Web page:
Some 24 scientists from five countries have been tipped as winners of the 2016 Nobel Prize.
The Nobel prize is science’s highest award and on 3 October, in a tradition that stretches back 115 years, a small group of scientists will gain worldwide acclaim.
Thomson Reuters has successfully predicted 39 Nobel Prize winners since 2002.
This year’s list is dominated by potential winners from the US with 15 of the 24 researchers working at US institutions.
After carefully mining scientific literature, Thomson Reuters focused on researchers who made the world’s most influential scientific discoveries, ranking those in the top 0.1pc by citations within their field.
Under chemistry they list George Church and Feng Zhan who developed the application of CRISPR-cas9 gene editing in mouse and human cells.
It includes Dennis Lo Yuk Ming who detected cell-free DNA in maternal plasma, leading to a revolution in non-invasive pre-natal testing.
It also includes Hiroshi Maeda and Yasuhiro Matsumura who discovered the enhanced permeability and retention (EPR) effect of macromolecular drugs, a key finding for cancer therapeutics.
Under medicine, the list includes James P Allison, Jeffrey A Bluestone and Craig R Thompson, who explained how CD28 and CTLA-4 are regulators of T-cell activation, modulating immune response.
It lists Gordon Freeman, Tasuku Honjo and Arlene H Sharpe, who elucidated and programmed cell death-1 (PD-1) and its pathway, which has advanced cancer immunotherapy.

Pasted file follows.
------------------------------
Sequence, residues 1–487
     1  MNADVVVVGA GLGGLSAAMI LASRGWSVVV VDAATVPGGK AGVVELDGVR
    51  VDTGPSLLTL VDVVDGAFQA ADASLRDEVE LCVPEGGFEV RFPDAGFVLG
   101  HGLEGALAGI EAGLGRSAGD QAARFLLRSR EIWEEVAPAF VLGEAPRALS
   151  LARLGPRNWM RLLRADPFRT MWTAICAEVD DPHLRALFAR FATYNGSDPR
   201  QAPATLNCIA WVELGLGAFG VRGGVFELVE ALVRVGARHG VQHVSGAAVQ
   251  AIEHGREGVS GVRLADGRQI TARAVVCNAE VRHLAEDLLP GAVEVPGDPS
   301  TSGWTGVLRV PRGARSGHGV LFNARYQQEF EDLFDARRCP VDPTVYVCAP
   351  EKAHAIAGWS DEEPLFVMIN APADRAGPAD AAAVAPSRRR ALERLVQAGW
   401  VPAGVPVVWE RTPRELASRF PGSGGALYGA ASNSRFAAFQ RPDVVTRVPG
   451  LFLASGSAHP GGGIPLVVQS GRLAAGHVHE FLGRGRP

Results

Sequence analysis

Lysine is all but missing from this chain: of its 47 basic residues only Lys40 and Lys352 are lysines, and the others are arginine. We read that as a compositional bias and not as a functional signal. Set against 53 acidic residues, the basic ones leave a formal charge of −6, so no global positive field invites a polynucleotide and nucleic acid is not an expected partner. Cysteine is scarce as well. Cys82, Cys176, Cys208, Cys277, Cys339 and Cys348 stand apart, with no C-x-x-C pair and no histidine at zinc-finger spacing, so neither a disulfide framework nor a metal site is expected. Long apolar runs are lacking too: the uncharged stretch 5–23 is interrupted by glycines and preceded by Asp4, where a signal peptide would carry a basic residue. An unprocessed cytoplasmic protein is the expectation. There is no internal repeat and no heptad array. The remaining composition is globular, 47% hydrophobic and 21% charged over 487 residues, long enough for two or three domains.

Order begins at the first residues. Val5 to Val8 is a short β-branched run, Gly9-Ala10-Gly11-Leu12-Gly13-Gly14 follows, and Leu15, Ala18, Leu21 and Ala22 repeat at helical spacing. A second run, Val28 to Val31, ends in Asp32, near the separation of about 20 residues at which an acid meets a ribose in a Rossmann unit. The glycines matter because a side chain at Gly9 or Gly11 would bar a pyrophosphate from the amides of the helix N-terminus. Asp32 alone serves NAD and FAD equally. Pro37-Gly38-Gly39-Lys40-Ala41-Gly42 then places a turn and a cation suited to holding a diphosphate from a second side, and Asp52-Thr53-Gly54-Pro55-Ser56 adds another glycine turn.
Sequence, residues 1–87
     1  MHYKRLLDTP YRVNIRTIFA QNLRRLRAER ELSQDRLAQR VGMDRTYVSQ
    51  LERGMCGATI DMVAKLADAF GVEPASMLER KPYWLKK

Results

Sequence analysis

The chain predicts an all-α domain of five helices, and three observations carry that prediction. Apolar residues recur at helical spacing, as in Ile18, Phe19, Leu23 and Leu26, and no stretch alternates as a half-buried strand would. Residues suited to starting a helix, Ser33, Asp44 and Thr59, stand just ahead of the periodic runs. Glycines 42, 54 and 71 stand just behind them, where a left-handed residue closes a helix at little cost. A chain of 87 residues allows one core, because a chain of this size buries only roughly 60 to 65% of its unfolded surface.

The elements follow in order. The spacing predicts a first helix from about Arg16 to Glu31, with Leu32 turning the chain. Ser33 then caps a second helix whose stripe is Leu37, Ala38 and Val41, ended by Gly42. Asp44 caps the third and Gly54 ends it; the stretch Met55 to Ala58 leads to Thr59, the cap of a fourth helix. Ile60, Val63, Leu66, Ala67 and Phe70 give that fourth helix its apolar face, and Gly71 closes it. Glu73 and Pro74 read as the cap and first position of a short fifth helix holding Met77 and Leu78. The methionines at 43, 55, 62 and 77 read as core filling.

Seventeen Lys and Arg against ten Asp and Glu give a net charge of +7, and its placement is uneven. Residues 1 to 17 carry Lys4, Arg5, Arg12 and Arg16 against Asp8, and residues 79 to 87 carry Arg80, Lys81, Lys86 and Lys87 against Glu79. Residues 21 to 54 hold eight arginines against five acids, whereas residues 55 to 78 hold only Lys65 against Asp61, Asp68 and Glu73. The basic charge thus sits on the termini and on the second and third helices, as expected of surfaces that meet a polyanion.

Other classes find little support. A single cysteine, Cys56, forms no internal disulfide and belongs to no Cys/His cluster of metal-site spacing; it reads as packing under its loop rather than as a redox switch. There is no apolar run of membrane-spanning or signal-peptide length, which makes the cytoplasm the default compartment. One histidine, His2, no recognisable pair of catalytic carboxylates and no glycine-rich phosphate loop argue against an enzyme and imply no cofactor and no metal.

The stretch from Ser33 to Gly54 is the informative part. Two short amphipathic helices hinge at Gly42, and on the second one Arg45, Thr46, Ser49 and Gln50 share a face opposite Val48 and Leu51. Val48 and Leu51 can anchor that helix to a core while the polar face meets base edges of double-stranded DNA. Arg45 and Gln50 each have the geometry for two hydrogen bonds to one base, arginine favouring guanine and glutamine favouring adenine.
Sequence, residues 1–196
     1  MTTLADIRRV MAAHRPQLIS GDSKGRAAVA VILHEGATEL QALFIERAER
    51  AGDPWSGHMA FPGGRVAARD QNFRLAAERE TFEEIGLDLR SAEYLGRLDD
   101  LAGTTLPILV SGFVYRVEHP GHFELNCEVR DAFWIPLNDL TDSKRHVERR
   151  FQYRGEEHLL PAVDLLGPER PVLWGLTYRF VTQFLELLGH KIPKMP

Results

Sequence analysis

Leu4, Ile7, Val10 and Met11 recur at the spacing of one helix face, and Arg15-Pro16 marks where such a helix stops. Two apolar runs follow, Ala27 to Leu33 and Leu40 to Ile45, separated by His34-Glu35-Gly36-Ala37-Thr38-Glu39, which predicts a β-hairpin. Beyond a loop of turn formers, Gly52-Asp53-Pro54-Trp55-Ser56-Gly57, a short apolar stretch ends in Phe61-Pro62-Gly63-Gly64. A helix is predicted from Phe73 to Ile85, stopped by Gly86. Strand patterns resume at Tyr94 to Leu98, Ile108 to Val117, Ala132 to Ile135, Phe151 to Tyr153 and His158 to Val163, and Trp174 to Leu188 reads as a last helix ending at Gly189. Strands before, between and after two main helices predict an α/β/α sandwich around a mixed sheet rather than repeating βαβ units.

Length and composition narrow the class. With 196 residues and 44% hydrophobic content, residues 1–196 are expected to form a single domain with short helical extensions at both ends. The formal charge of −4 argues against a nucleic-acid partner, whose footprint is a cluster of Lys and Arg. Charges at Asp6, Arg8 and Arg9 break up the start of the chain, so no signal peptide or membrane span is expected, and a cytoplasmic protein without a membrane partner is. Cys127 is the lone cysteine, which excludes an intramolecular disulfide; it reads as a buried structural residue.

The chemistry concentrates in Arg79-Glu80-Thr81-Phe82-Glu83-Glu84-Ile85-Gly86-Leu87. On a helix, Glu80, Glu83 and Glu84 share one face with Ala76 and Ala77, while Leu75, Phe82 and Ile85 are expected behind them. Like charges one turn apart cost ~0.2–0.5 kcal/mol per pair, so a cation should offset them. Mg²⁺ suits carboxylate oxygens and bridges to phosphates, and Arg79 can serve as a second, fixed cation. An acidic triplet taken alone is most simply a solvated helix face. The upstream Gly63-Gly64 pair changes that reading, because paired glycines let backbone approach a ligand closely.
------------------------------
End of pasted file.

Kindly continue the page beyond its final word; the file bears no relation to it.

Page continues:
It also lists Michael N Hall, David M Sabatini and Stuart Schreiber, who discovered the growth regulator target of rapamycin (TOR) and the mechanistic target of rapamycin (mTOR).
For the Physics prize, Thomson Reuters’ list includes Marvin Cohen for theoretical studies of solid materials, prediction of their properties and especially for the empirical pseudopotential method.
It lists Ronald Drever, Kip S Thorne and Rainer Weiss for developing the Laser Inferometer Gravitational-Wave Observatory (LIGO) that made possible the detection of gravitational waves.
It also lists Celso Grebogi, Edward Ott and James A York for describing a control theory of chaotic systems, the OGY method.
Under economics, it lists Olivier Blanchard, who contributed to macroeconomics including determinants of economic fluctuations and employment.
It also includes Edward P Lazear, who developed the field of personnel economics, and Mark J Melitz, who pioneered descriptions of firm heterogeneity and international trade.
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